- Truly appreciate others. As you are looking at the team, find something wonderful, strong, powerful about each team member, and look for that to show up. Tell them about it, try to find new ways to leverage that strength in the team.
- Ask for and listen to feedback – in person. You don’t have to agree with the feedback, but it is important that you truly understand what others are thinking and how you are perceived. This means getting eye-to-eye with your group. Electronic communications cannot completely take the place of meeting in the flesh. Walk the halls, travel to meet, hold group meetings, retreats and one on ones. The feedback and relationship-building you get in person will be 10x more powerful than emails and teleconferences. Trust is built by looking someone in the eye, shaking their hand, and reading their body language when they speak.
- Set clear expectations. Make sure every member of your team knows exactly what you expect of them, and what your process looks like. How often will you review their work? What level of input are you expecting to have in the final product? Which decisions are you expecting will be made by the team, and which do you need to make? What can the team do when they need extra support? What is the agenda for your meetings and what preparation is expected?
- Walk the talk. Trust is built in small positive increments. Find a small win for the team, commit to it, and deliver. Do it again and again, with ever-larger commitments. These positive experiences with you (“she really does what she says she will”, “We can count on him”, “He has our back”) will build trust quickly. This is about action. Can others see you actively making the organization stronger and acting for the good of the whole, not just your own career? That is the foundation of trust, so get out there and make it happen.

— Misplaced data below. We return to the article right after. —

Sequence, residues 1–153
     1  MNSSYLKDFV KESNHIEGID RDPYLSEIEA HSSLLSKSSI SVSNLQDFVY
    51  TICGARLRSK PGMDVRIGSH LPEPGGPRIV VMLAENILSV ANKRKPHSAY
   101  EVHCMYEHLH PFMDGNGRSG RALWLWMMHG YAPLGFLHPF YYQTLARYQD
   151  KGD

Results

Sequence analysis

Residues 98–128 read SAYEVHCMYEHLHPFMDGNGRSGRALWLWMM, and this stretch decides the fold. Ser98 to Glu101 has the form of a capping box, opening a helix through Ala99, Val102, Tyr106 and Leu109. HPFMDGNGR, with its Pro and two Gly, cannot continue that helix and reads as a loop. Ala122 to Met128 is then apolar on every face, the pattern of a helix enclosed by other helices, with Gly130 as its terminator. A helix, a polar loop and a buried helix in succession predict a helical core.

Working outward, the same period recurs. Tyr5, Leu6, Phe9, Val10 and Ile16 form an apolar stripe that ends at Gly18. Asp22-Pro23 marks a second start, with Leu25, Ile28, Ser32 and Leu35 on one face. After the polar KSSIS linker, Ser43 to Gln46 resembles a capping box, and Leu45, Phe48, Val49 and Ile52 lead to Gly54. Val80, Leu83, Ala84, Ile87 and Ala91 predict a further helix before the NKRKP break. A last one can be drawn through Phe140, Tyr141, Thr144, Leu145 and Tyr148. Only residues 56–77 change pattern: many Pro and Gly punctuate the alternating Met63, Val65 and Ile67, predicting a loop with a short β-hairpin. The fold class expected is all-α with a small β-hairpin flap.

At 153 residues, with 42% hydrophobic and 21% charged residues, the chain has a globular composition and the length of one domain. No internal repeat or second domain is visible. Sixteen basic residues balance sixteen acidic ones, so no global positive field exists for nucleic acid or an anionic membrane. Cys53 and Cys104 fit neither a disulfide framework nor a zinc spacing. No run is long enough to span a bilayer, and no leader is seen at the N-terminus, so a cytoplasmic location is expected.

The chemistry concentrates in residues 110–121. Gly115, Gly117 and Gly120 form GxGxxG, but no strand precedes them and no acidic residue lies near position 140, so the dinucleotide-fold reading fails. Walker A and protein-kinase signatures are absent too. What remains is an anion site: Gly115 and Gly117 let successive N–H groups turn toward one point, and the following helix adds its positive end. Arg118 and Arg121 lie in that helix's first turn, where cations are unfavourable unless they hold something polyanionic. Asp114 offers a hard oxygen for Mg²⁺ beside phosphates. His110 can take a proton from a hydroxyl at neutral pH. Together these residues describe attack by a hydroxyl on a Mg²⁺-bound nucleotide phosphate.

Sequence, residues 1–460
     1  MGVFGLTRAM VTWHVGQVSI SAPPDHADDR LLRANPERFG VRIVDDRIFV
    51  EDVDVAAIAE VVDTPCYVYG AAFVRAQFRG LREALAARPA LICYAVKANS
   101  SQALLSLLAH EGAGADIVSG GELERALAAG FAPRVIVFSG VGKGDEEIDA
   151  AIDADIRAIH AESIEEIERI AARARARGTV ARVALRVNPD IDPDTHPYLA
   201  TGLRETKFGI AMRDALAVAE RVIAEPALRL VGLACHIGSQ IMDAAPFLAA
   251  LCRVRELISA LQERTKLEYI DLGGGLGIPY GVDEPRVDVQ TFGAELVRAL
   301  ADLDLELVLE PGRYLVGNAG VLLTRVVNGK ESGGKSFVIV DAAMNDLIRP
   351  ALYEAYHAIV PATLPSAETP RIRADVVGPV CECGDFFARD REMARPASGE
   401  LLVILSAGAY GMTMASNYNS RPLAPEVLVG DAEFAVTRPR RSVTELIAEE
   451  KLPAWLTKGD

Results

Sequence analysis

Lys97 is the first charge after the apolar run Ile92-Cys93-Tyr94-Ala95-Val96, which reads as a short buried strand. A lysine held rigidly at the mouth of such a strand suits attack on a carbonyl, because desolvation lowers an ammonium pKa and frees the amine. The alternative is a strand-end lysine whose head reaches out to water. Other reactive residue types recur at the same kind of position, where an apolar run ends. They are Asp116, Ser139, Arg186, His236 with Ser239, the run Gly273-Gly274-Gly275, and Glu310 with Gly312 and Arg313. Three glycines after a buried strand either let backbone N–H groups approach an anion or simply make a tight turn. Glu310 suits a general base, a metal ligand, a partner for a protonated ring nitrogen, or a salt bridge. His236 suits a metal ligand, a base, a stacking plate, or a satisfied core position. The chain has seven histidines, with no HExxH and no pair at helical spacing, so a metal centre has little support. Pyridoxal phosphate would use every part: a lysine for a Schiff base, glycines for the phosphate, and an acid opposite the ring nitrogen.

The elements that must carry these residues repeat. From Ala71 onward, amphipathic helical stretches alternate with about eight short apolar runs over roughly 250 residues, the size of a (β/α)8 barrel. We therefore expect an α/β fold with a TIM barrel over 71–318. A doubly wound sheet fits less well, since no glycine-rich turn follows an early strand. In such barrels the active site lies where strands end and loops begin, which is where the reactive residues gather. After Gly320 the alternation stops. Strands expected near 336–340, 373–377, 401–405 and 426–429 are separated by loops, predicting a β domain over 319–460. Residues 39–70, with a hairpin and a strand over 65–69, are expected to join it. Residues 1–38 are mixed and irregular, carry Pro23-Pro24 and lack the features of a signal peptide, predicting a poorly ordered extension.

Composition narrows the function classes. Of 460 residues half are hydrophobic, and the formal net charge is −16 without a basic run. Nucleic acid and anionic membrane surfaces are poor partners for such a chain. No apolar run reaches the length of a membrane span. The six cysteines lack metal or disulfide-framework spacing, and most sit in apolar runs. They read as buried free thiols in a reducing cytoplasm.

- Make it right. When you make a mistake, own it, learn from it, and let others know that you are aware, that you are learning, and that you have a plan to prevent the same mistake from happening again.
- Hold everyone accountable. As you take responsibility for your results and your mistakes, ask others to do the same. Have individuals commit to specific actions in front of their peers, and follow up with the group to verify follow-through. Ask about what prevented something from getting accomplished with curiosity and have individuals come up with a new commitment, with a plan for overcoming that obstacle next time.
- Practice tough love. Accepting people the way they are and appreciating their strengths does not mean that everyone necessarily belongs on the team. When performance standards are not met, when accountability and trust measures are violated, neither the individual or the organization can prosper, and removing that person from the organization may be the win-win solution you are seeking. Call them on their lapses, give them a chance to correct it with support, and then decide if they are able to meet the requirements of the job or not. Hesitation to remove an unproductive or even disruptive team member erodes trust quickly.
Remember that building trust is not something that happens on a team-building afternoon, or in one meeting or over lunch – although those can be good places to start. Trust is created in daily habits you cultivate in working with others to build positive interactions and experiences. Find ways in your daily work to build in good trust habits and set goals for practicing them regularly.
The lack of trust is the definition of fear – fear of harm the other person may do to you, your career, your reputation, your results, your relationships… Building trust is one of the fundamental elements of the journey to leading fearlessly.